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Palliat Med. 2014 Apr 22;28(7):990-991. [Epub ahead of print]

The use of aprepitant in a case of refractory nausea and vomiting.

Author information

  • 1St Benedict's Hospice, Sunderland, UK.
  • 2St Benedict's Hospice, Sunderland, UK mark.lee@stft.nhs.uk.

Abstract

BACKGROUND:

This case report describes a patient whose refractory nausea and vomiting significantly improved with the use of aprepitant, a neurokinin receptor antagonist currently only licensed for short-term use in chemotherapy-induced nausea and vomiting.

CASE PRESENTATION:

A patient with breast cancer and meningeal metastases had an 18-month history of nausea and vomiting refractory to a number of antiemetics commonly used in palliative care. The nausea and vomiting resolved after receiving two doses of the drug aprepitant.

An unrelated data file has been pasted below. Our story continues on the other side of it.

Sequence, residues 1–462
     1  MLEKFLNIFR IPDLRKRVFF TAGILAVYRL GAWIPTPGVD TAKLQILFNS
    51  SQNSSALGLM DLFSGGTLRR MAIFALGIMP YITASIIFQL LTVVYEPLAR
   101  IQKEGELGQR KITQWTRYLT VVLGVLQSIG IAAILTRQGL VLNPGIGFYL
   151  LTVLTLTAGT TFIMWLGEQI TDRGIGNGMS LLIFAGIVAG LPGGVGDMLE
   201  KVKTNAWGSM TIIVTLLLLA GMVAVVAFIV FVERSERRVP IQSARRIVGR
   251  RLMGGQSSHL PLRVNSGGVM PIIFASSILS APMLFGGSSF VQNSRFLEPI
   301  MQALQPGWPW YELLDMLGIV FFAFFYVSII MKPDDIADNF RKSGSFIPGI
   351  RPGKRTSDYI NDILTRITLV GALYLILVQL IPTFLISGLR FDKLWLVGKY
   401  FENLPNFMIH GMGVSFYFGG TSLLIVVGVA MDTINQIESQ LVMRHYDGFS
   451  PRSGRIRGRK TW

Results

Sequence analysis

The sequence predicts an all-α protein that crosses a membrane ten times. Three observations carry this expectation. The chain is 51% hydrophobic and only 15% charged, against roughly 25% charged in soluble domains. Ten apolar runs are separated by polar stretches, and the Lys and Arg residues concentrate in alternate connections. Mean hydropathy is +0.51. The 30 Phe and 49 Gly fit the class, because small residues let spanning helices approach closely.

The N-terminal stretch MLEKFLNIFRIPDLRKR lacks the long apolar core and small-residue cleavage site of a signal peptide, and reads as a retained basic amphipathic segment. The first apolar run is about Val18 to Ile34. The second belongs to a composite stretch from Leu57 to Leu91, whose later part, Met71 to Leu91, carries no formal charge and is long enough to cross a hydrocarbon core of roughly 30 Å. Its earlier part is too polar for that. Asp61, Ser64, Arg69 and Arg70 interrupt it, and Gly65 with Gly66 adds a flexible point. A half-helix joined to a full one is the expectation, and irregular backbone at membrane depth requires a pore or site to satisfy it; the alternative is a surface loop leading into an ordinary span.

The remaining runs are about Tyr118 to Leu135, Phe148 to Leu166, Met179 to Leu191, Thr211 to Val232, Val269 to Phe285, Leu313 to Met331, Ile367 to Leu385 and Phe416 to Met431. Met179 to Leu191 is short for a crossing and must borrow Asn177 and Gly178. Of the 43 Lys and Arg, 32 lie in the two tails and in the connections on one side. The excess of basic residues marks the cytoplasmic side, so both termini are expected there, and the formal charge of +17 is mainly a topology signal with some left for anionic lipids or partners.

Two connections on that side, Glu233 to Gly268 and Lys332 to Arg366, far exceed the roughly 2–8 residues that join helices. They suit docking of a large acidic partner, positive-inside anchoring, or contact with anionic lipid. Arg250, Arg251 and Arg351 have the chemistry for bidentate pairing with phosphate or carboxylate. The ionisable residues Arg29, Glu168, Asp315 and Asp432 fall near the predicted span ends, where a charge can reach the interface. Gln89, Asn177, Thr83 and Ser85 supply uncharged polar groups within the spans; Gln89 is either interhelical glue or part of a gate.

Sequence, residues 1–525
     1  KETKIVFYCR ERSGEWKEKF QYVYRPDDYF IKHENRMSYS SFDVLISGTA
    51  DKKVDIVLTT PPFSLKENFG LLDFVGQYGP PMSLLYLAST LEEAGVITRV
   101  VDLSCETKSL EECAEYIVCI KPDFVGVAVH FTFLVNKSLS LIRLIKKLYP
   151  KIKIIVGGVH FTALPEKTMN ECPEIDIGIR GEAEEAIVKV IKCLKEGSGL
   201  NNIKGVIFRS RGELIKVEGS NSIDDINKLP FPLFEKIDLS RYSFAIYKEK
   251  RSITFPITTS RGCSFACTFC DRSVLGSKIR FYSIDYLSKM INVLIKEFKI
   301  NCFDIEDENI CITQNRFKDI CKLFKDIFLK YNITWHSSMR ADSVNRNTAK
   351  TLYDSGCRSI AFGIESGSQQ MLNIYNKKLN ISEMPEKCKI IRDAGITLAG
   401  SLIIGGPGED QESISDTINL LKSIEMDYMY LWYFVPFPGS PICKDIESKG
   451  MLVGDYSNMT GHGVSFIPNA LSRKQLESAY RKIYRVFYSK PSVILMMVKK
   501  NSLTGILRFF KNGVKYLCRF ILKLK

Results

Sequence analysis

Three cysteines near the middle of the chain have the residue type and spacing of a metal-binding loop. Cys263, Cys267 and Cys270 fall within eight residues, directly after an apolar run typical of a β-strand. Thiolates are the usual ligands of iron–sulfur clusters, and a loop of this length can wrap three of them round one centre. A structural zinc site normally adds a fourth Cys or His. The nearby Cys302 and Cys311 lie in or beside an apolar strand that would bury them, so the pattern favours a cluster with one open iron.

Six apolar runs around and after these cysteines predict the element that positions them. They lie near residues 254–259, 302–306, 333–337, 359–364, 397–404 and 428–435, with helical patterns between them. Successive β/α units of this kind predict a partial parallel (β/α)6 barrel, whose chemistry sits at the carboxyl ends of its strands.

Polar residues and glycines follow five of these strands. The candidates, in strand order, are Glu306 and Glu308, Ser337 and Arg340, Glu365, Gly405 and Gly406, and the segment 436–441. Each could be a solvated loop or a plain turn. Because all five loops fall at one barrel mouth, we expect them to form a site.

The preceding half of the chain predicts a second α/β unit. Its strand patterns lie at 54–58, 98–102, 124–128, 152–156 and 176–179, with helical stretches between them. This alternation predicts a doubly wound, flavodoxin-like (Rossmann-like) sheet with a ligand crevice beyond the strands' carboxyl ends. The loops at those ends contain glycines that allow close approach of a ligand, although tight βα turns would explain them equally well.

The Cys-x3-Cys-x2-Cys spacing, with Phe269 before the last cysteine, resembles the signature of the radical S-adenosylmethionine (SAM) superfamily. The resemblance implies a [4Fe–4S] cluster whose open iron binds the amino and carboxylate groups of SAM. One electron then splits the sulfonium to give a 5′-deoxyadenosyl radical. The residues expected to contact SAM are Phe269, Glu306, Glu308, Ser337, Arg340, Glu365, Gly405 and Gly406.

CASE MANAGEMENT AND OUTCOME:

Maintenance antiemetic treatment with aprepitant was continued over a 5-month period with no recurrence of nausea and vomiting, and no observed side effects.

CONCLUSIONS:

Aprepitant has a potential role as an antiemetic for refractory symptoms within the palliative-care setting.

© The Author(s) 2014.

KEYWORDS:

Aprepitant; nausea; neurokinin receptor antagonist; refractory; vomiting

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